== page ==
February is National Cancer Prevention Month
If your New Year’s fervor to get healthy is already losing steam, February – National Cancer Prevention Month – is a great time to give yourself a second chance. American Institute for Cancer Research's three Guidelines for Cancer Prevention can help you focus on what’s most important.
Ten New Year's Resolutions for Cancer Survivors
by Karen Syrjala, PhD
There are 12 million survivors in the United States, and while it’s good news that their numbers are growing, not all are problem-free. Many have long-term health needs resulting from having cancer and being treated for it. Here are some suggested New Year’s resolutions for survivors who want to lead healthier lives.
The Benefits of Exercise During and After Cancer Treatment
by Lee W. Jones, PhD
The therapeutic properties of endurance and resistance exercise have been recognized since antiquity. Unfortunately, investigation of the role of exercise following a diagnosis of cancer has received comparably less attention.
Defending Against Infections
by Cheryl Perego, MPH, CIC, and Roy Chemaly, MD, MPH, FIDSA, FACP
Did you know that your immune system, the body’s number one defense against infections, is often affected when you have cancer? When you are being treated with chemotherapy or radiation therapy, your immune system may not be able to put up a good fight against the germs that cause infections.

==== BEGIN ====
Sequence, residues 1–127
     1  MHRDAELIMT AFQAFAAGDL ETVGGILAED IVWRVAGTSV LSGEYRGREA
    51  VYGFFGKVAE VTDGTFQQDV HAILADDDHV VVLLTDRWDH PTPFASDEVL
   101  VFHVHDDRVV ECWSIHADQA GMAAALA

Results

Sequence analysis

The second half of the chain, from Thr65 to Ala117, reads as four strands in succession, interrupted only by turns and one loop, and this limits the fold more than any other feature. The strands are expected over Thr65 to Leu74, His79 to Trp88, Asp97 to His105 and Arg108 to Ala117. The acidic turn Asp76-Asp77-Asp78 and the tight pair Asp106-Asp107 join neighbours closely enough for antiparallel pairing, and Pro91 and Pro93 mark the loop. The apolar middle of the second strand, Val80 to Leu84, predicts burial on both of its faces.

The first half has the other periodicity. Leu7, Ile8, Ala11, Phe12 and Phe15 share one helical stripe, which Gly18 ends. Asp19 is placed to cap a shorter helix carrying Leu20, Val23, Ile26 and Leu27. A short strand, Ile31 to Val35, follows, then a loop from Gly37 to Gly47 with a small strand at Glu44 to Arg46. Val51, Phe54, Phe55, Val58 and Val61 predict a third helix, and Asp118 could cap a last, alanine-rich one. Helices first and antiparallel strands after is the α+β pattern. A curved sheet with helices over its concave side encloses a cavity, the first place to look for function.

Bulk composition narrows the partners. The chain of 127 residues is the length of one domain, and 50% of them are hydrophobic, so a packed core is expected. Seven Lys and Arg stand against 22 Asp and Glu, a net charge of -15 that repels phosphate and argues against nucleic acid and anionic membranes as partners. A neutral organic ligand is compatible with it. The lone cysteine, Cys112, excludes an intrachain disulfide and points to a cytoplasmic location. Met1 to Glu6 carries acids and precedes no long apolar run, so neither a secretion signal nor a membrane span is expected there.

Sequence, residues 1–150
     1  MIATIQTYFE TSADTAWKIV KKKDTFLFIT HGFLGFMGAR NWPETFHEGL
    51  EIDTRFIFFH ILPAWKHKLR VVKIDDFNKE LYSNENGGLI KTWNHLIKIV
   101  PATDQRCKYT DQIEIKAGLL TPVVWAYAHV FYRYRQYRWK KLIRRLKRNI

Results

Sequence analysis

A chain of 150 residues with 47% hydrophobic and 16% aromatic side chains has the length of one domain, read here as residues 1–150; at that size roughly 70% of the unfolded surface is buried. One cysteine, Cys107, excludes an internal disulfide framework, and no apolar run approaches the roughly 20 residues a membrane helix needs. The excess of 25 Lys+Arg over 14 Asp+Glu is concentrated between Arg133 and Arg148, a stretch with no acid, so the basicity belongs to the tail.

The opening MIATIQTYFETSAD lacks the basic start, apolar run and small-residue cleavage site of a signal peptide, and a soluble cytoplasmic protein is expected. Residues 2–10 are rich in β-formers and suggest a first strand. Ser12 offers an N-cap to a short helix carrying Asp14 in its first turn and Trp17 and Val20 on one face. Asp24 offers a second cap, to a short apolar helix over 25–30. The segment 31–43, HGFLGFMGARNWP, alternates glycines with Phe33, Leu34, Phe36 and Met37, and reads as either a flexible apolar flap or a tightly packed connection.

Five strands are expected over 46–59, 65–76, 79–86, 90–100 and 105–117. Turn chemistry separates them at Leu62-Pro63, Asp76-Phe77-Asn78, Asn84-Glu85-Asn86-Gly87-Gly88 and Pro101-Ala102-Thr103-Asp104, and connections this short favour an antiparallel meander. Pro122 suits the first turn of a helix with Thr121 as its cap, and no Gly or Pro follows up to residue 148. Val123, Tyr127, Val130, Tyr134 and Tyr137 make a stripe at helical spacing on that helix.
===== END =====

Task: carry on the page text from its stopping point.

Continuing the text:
Get Your Exercise Program on Track
by Howard Stidwill, PhD
Exercise has long been seen as instrumental in the recovery of cardiac patients, and it is increasingly playing an important role for people undergoing cancer treatment. But before we delve in, we should first look at what is meant by exercise and outline the various forms it can take.
Finding a Good Life After Cancer
by Roger Granet, MD
You are in remission, perhaps even cured – congratulations! Your cancer treatment has been a success. Yes, it was emotionally and physically depleting, but now it’s all over, and you can just go ahead and live your life and forget about the past. Wait a minute. It’s not quite that simple.
by Julie Goodale
Lately, we hear more and more about how we should be active and keep moving throughout cancer treatments. Exercise may help us feel better and reduce fatigue, boost our immune system, and reduce our risk of recurrence for some cancers. Figuring out how to begin and what’s an appropriate level of exercise can be difficult.
Healing Through Yoga
by Yoga Bear staff
Yoga Bear believes cancer survivors can benefit from yoga as a complementary aid in recovery from the harsh effects of cancer treatment. Studies have shown the positive physical and emotional effects yoga can bring to cancer survivors, including managing symptoms like depression, anxiety, insomnia, pain, and fatigue. Yoga can help people with cancer as they transition from cancer patient to survivor and beyond.